Rachel Bovard

URL https://Persagen.com/docs/rachel_bovard.html
Sources Persagen.com  |  other sources (cited in situ)
Authors Persagen.com
Date published 2021-08-17
Curation date 2021-08-17
Curator Dr. Victoria A. Stuart, Ph.D.
Editorial practice Refer here  |  Dates: yyyy-mm-dd
Summary Rachel Bovard is a conservative, devout practicing Catholic, Trump-supporting Republican, lobbyist and political strategist who formerly worked for Rand Paul (R-KY), was formerly associated with the dark money organization The Heritage Foundation, and currently works for the dark money groups the Internet Accountability Project, and the Conservative Partnership Institute (anti-big tech; Jim DeMint).
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Rachel Bovard
rachel-bovard-internet_accountability_project.jpg  rachel_bovard-conservative_partnership_institute.jpg

Rachel Bovard, a conservative policy leader and former top U.S. Senate and House aide.


Rachel Bovard on Twitter, 2021-08-18.
Note Catholic self-description.
Name Rachel Bovard
Born 1984-01-17 (date from Politico.com; year inferred from age in news items)
Birthplace Dansville, New York, USA
Nationality American
Occupation lobbyist
  • Grandfather: Presbyterian pastor, Caledonia-Mumford, New York
  • Source: interview
  • Sommelier (instructor)
  • Muay Thai (martial art)
  • Chloe (dog, Terrier-Retriever mix, animal rescue)
  • Hiking
  • Source: interview
Social media Twitter: @RachelBovard


Notable Dark Money Group Associations

Conservative Partnership Initiative

  • Main article: Conservative Partnership Institute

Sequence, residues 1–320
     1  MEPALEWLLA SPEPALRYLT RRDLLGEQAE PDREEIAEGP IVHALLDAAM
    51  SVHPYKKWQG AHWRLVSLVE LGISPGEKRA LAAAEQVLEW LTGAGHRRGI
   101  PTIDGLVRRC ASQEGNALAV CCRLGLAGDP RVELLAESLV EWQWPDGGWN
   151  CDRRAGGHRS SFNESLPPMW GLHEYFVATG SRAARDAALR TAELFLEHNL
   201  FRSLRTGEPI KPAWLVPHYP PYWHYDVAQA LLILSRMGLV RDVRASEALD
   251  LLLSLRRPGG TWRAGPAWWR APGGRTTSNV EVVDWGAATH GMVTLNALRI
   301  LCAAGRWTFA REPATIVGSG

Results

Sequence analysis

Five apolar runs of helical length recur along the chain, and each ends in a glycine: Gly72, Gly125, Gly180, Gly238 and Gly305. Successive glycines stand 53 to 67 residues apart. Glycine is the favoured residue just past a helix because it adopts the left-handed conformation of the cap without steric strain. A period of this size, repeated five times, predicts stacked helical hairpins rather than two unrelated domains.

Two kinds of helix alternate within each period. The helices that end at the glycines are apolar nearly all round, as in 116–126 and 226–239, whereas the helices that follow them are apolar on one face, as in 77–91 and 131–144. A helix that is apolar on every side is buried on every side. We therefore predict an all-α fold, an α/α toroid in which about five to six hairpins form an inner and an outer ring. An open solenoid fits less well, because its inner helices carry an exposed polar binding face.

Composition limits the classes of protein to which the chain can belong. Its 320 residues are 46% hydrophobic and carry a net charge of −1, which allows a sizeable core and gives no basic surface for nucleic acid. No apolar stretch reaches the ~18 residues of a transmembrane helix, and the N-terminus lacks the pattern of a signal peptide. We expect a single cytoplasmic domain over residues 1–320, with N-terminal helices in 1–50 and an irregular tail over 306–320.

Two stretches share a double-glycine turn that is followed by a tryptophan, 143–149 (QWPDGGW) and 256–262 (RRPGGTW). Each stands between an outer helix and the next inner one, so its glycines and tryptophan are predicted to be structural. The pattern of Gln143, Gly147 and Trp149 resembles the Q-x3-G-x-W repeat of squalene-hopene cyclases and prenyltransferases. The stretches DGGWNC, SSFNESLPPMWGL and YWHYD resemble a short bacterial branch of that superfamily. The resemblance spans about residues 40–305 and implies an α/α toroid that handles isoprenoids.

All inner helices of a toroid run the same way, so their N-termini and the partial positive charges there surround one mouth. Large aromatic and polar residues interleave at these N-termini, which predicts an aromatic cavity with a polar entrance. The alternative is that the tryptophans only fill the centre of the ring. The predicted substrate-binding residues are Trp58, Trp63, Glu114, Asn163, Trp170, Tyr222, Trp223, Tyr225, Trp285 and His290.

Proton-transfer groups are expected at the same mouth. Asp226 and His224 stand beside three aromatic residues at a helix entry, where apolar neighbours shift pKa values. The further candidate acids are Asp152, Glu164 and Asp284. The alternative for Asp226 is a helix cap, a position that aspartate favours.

• Source for this subsection: Conservative Partnership Initiative  |  local copy

  • Rachel has over a decade of experience fighting for conservative policies in Washington. Beginning in 2006, she served in both the House and Senate in various roles including as legislative director for Senator Rand Paul.

    Rachel Bovard went on to serve as policy director for the Senate Steering Committee under the successive chairmanships of Senator Pat Toomey and Senator Mike Lee, where she advised Committee members on strategy related to floor procedure and policy matters. In the United States House of Representatives, Rachel Bovard worked as Senior Legislative Assistant to Congressman Donald Manzullo, and Congressman Ted Poe. Rachel Bovard also served as director of policy services for The Heritage Foundation.

    In 2013, Rachel Bovard was named one of National Journal's Most Influential Women in Washington under 35. Her policy analysis and punditry appear widely in print and on television. Rachel serves on USA Today’s Board of Contributors, and is also the senior tech columnist for The Federalist.

    Along with Conservative Partnership Institute (CPI)'s Chairman, former Senator Jim DeMint [and former President, The Heritage Foundation], Rachel Bovard is the co-author of Conservative: Knowing What To Keep:  "America is on the road to tyranny and socialism, and only a national return to transcendent values and proven traditions will bring us back to freedom and prosperity. ....

    Rachel Bovard also serves on the board of Council for National Policy Action, the advisory board of American Moment, and both the advisory board and board of The American Conservative.

    Born and raised in Dansville, New York, Rachel Bovard received her bachelor's degree, summa cum laude from Grove City College in 2006. She also holds a master's degree from the Graduate School of Political Management at George Washington University. In addition to her public policy pursuits, Rachel is an accomplished sommelier, a wine educator, and a diploma candidate in the Wine & Spirit Education Trust.

    Council For National Policy

  • Main article: Council For National Policy